After having to deal with a U.S. government that calls it a national security threat, Huawei is fighting back. According to The New York Times, The Chinese telecom company is planning on filing a suit against the U.S. in the Eastern District of Texas. That is where Huawei has its American headquarters. The suit is over a section of a defense spending authorization law signed last year that blocks U.S. executive agencies (such as the Department of Agriculture, Department of Commerce, Department of Defense, Department of Education, Department of Energy, Department of Health and Human Services, Department of Homeland Security, and the Department of Housing and Urban Development) from employing telecom equipment made by Huawei and ZTE.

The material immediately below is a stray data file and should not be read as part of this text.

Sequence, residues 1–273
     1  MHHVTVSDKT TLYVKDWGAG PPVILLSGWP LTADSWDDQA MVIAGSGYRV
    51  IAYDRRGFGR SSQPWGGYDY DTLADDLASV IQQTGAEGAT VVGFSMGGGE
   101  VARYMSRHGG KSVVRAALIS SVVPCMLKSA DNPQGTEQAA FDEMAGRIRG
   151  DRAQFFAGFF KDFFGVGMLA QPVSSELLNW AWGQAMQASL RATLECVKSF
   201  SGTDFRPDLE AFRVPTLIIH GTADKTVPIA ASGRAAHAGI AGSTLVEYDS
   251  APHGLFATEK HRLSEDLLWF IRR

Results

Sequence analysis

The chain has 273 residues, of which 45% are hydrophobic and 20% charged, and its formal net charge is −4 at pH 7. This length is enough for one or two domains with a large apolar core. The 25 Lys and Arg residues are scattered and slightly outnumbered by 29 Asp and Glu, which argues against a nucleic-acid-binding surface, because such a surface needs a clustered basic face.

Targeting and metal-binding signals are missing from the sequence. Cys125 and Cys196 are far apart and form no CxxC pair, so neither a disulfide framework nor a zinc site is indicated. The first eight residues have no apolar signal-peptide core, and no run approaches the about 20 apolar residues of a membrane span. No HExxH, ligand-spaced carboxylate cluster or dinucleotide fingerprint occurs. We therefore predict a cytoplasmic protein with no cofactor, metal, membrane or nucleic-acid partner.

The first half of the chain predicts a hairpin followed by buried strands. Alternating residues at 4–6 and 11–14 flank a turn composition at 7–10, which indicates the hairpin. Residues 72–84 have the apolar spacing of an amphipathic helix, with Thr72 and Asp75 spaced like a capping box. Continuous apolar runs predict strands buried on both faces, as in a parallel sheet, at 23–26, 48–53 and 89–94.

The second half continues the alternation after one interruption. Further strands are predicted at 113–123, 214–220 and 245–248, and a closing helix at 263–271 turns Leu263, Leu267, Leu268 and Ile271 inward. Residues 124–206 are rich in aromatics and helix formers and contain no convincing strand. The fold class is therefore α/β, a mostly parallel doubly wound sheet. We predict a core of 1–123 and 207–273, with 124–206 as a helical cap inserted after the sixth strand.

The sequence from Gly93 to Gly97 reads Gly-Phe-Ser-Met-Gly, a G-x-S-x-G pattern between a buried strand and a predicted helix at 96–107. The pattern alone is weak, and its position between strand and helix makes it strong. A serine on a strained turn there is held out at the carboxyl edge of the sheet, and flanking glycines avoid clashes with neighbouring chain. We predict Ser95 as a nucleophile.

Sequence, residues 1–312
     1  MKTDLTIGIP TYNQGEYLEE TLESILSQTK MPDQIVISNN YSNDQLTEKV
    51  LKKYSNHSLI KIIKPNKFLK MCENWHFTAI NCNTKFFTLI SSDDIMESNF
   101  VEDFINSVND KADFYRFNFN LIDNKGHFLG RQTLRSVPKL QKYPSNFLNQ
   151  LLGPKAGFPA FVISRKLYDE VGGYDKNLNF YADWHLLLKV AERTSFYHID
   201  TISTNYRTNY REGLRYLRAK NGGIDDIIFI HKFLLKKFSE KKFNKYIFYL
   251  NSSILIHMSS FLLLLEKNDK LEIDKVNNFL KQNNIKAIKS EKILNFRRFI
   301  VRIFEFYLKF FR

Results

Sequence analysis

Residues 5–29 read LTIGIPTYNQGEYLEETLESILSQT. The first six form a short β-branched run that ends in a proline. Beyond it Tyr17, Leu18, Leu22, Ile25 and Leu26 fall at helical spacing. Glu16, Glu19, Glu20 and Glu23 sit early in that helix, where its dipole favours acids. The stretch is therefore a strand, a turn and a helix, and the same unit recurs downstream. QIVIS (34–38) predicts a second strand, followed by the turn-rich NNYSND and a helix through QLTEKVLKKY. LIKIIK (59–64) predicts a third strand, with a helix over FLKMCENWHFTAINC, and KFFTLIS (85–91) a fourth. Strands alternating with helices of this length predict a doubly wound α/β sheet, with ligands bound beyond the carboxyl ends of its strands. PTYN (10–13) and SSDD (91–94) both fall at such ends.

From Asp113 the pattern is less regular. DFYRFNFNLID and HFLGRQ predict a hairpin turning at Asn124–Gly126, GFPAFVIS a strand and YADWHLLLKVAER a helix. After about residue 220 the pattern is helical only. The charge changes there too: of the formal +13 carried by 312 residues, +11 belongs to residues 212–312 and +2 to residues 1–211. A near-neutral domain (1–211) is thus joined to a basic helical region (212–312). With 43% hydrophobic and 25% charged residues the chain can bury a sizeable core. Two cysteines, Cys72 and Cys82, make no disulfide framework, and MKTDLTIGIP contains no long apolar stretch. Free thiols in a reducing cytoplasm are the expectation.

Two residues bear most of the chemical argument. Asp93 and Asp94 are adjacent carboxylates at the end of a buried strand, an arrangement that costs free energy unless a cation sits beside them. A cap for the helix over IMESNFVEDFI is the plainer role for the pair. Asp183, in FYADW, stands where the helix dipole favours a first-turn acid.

Times says that Huawei will ask that the court rule unconstitutional the provision of the defense spending authorization law that bans government agencies from using its gear. The company plans to show that the bill is a legislative act that singles it (and ZTE) out. The U.S. Constitution prevents such bills from becoming law. While Huawei could announce the suit this week, there is also a chance that it will decide not to file the suit.The report in the
U.S. lawmakers have called both Huawei and ZTE national security threats for several years now, worried that their equipment contains back doors that pass along information about American consumers and corporations to the communist Chinese government. Even though Huawei is supposed to be bound by a law in China that requires it to help the government gather intelligence, Huawei chairman Liang Hua recently said that such a request is unlawful and that Huawei is not legally obligated to spy on behalf of the Chinese government. ZTE also denies the same accusation.